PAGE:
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Major Scientific Interests: Adaptation processes, plant growth, genetic diversity, natural variations, light conditions, shade avoidance syndrome, plant biology, climate change, growth hormone auxin, phytochromes, brassinosteroids
Joanne Chory’s work has contributed to the identification of plant hormones. She investigates the natural variations in plant species and plant reactions to different light and temperature conditions. Her studies have helped us understand how plants adapt to climate change.
Individual members of the same plant species often thrive in very different environmental conditions. The model plant used by plant geneticists, thale cress (Arabidopsis thaliana), grows in many parts of the world – from northern Scandinavia to Central Africa. Chory’s team is researching the plant’s natural variants, searching for molecular clues to this adaptation process in the DNA. Her laboratory has made a significant contribution to decoding three important plant hormones. For example, she and her colleagues explained the previously unknown process of how plants produce the important growth hormone auxin.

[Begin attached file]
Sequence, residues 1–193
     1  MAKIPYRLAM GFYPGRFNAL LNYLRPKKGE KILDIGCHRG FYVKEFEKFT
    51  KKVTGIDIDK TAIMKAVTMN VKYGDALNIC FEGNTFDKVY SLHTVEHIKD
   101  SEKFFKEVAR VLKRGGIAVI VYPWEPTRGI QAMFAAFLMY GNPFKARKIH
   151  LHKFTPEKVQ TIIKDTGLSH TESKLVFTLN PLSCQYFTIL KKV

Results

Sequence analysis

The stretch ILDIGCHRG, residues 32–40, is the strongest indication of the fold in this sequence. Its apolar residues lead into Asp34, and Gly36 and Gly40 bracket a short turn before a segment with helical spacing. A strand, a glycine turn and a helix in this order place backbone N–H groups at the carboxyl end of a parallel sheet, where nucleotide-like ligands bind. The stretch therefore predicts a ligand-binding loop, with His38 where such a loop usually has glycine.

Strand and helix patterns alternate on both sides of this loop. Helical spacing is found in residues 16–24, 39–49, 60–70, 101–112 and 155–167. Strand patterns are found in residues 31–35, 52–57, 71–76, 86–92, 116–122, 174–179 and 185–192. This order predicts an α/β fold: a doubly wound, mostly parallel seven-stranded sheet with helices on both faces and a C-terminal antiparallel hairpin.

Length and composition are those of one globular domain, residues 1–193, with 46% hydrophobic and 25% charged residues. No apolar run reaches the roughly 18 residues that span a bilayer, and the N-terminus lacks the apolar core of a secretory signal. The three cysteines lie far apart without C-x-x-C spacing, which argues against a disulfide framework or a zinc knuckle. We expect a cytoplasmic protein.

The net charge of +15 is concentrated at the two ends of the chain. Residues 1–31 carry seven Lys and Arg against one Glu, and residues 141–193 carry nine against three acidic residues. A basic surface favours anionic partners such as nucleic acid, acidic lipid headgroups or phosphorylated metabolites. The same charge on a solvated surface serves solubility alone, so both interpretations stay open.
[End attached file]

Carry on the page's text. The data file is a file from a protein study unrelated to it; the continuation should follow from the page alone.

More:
Chory used thale cress to explain the well-known phenomenon of shade avoidance syndrome. Light-sensitive proteins in plants, called phytochromes, constantly measure ambient light conditions. If the plant’s surroundings are too crowded and shady, processes enabling it to shoot up quickly are activated. With the help of gene analyses, Chory’s team were able to localise growth genes that are responsible for shade avoidance syndrome. She also discovered that plants’ reactions to light conditions are controlled by genetic variations. These variations make plants in northern countries more light-sensitive than those at the equator. Chory’s analyses have also shown that a process involving many different interactions, rather than a linear signal transfer, is responsible for reactions to light conditions.
Chory’s laboratory also decoded the molecular signal chain of other hormones that help plants thrive. Brassinosteroids influence the activity of genes that control cell ageing processes as well as plant growth. Through additional research on brassinosteroids, Chory and her team hope to learn even more about the mechanism of plant growth and to find out how changes in the environment influence growth.
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